Featured Research

from universities, journals, and other organizations

Applied Scientists Create Wrinkled 'Skin' On Polymers

Date:
January 18, 2007
Source:
Harvard University
Summary:
Applied scientists demonstrated a new method for developing wrinkled hard skins on the surface areas of polymers using a focused ion beam. The technique has potential use for biological sensors and microfluidic devices and may offer new ways to build custom-made cell templates for tissue engineering.

Wrinkled hard skin on polymer surface induced by focused ion beam. The wrinkles are hierarchical with the primary wavelength of 465 nm.
Credit: Photo graph courtesy of Moon et al.

Applied scientists demonstrated a new method for developing wrinkled hard skins on the surface areas of polymers using a focused ion beam. By controlling the direction and intensity of the ion beam, the researchers literally sculpted patterns on flat areas of polydimethylsiloxane, a silicon-based organic polymer (more commonly known as the primary ingredient in Silly Putty). The technique has potential use for biological sensors and microfluidic devices and may offer new ways to build custom-made cell templates for tissue engineering.

The work is a collaboration among researchers at Harvard University and Seoul National University. The Harvard group consisted of John W. Hutchinson, Abbott and James Lawrence Professor of Engineering, Myoung-Woon Moon, Post-doctoral Fellow, and Ashkan Vaziri, Lecturer on Engineering and Research Associate in Applied Mechanics, all of Harvard Engineering and Applied Sciences. Their findings were published in the Proceedings of the National Academy of Sciences. The researchers have also filed for a U.S. patent covering the discovery.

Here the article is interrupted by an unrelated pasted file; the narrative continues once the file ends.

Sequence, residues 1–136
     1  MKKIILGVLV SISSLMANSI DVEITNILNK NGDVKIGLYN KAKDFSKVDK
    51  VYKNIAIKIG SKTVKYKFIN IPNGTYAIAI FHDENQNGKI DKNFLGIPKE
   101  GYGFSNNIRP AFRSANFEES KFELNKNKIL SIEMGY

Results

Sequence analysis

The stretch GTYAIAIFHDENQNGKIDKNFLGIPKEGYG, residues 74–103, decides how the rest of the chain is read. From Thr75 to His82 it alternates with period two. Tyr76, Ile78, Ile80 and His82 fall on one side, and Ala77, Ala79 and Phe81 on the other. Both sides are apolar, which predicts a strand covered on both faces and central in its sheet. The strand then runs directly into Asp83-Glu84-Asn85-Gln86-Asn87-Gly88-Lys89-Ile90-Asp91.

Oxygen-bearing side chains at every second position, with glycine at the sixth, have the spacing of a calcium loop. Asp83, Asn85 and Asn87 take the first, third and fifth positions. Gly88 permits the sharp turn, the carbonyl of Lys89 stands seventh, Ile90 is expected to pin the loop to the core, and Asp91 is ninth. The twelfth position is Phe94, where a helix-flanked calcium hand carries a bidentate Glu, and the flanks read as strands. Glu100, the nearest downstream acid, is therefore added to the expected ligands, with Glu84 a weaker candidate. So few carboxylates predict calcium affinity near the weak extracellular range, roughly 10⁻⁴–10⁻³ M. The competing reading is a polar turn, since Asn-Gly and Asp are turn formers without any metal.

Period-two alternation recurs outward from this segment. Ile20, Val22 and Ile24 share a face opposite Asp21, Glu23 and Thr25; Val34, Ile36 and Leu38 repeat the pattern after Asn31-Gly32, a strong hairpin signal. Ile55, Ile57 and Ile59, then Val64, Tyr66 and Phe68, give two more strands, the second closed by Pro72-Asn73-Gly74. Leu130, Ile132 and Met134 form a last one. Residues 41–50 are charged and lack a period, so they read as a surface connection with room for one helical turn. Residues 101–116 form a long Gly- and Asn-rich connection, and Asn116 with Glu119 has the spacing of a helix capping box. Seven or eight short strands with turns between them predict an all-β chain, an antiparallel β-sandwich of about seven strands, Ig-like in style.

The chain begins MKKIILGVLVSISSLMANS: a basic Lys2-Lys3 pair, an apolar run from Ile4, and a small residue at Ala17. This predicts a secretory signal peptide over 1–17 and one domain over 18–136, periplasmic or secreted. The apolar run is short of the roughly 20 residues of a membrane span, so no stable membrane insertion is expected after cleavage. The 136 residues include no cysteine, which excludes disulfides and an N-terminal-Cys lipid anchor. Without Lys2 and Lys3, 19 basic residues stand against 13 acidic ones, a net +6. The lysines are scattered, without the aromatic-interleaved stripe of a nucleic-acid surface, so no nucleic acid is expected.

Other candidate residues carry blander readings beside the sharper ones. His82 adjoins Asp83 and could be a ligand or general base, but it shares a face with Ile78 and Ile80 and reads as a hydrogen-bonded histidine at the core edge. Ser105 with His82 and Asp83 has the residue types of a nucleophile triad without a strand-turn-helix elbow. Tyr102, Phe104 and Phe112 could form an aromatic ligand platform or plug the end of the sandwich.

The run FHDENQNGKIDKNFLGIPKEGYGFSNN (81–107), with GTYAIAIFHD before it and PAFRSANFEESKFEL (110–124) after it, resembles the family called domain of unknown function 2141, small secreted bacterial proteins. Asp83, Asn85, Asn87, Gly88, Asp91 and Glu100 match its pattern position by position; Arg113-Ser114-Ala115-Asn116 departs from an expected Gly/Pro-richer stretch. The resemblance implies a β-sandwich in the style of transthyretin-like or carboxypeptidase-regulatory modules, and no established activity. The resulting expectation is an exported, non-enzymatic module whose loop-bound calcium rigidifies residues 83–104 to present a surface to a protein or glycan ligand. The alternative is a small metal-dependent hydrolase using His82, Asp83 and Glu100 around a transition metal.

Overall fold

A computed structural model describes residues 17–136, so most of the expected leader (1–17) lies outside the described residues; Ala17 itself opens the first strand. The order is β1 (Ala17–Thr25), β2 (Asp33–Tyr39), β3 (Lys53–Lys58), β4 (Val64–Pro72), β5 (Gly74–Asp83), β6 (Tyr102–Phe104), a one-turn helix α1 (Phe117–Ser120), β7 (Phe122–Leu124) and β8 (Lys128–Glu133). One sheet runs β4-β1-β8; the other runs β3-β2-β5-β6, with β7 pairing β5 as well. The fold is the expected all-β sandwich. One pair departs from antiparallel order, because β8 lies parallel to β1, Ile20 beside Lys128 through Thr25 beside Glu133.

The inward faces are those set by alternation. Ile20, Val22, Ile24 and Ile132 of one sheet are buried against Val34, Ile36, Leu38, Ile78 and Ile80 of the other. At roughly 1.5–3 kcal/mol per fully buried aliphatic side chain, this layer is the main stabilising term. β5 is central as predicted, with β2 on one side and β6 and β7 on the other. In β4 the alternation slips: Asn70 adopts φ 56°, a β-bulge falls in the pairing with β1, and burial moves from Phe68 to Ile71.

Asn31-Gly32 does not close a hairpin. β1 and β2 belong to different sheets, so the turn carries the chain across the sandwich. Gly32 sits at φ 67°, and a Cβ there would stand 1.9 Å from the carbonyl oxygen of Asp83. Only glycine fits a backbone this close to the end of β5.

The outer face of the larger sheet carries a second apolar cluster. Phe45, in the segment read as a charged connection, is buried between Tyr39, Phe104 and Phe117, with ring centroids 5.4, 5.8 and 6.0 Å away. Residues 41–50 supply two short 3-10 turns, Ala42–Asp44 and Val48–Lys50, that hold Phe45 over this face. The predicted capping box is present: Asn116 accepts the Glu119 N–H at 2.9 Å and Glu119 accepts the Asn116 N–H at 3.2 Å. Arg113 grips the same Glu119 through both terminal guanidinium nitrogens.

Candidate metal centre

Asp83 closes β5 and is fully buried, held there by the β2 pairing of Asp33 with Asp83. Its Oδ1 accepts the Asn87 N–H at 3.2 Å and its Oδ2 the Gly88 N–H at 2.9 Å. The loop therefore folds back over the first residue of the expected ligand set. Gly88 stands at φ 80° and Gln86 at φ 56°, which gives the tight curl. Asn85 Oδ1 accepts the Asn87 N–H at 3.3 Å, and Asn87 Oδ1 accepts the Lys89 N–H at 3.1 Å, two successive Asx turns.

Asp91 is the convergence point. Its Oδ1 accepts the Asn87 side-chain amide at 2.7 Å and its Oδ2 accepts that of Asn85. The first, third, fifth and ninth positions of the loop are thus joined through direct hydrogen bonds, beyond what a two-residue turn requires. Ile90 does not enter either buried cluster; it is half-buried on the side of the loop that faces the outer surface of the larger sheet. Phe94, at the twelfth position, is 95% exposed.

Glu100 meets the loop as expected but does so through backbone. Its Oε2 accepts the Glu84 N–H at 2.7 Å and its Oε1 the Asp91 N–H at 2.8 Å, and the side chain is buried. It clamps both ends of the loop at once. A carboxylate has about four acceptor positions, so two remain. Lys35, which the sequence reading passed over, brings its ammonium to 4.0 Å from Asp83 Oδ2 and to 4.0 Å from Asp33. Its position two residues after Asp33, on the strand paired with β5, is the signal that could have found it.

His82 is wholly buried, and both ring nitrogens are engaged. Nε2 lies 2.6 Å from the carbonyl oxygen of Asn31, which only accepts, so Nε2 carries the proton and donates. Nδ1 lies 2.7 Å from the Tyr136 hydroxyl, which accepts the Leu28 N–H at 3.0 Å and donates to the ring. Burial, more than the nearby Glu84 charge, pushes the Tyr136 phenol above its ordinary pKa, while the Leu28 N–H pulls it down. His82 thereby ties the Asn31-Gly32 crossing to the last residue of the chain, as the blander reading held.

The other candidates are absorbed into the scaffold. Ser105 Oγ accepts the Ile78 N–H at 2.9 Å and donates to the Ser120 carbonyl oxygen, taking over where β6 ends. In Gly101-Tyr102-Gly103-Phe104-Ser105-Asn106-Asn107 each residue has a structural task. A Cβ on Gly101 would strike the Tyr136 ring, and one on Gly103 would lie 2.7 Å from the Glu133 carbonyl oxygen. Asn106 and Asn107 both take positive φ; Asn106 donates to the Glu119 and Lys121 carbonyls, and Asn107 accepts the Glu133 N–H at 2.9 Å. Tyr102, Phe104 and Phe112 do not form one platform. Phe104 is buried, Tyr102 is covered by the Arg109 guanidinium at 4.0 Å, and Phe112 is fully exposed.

"This technique is a one-step process for creating wrinkled skins," explains Vaziri. "The method is more robust compared with traditional techniques. The patterns can be generated along desired paths by simply controlling the relative movement of the ion beam and polymeric substrate. It's almost like using an airbrush on fabric. At a smaller scale the desired morphology of wrinkles can be achieved by controlling the ion beam intensity."

Because only the areas exposed to the beam are affected, the method enabled the scientists to create a variety of patterns--from simple one-dimensional wrinkles to peculiar and complex hierarchical nested wrinkles--along desired paths. Specific examples to date include "S" shapes, circular patterns, and long horizontal channels akin to the repeating tines of a closed zipper.

"Irradiation by the ion beam alters the chemical composition of the polymer close to its surface and forms a thin stiff skin which wants to expand," explains Vaziri. "The consequent mismatch between the mechanical strain of the generated stiff skin and the underlying polymeric substrate, almost like a tug-of-war, buckles the skin and forms the wrinkle patterns."

Such patterns can be used in the construction of microfluidic devices for particle separation and mixture and also have potential use in designing biosenors. The researchers have also started a close collaboration with scientists at the Harvard-MIT Division of Health Sciences and Technology aimed at exploring the behavior of living cells on these patterned substrates. Such research may lead to the development of an effective and robust method to build custom templates for engineering and growing tissues.

"We are approaching this field of research from various directions," says Vaziri. "At the moment we are looking at the effect of ion beam energy and have been able to reduce the wavelength of the wrinkles to 50 nanometers. Manipulation at such a small scale makes this method even more attractive. We are also building multifunctional microfluidic devices for the mixing of flow at very small scales and stretching of proteins and DNA. These new efforts, while at early stages of development, are very promising."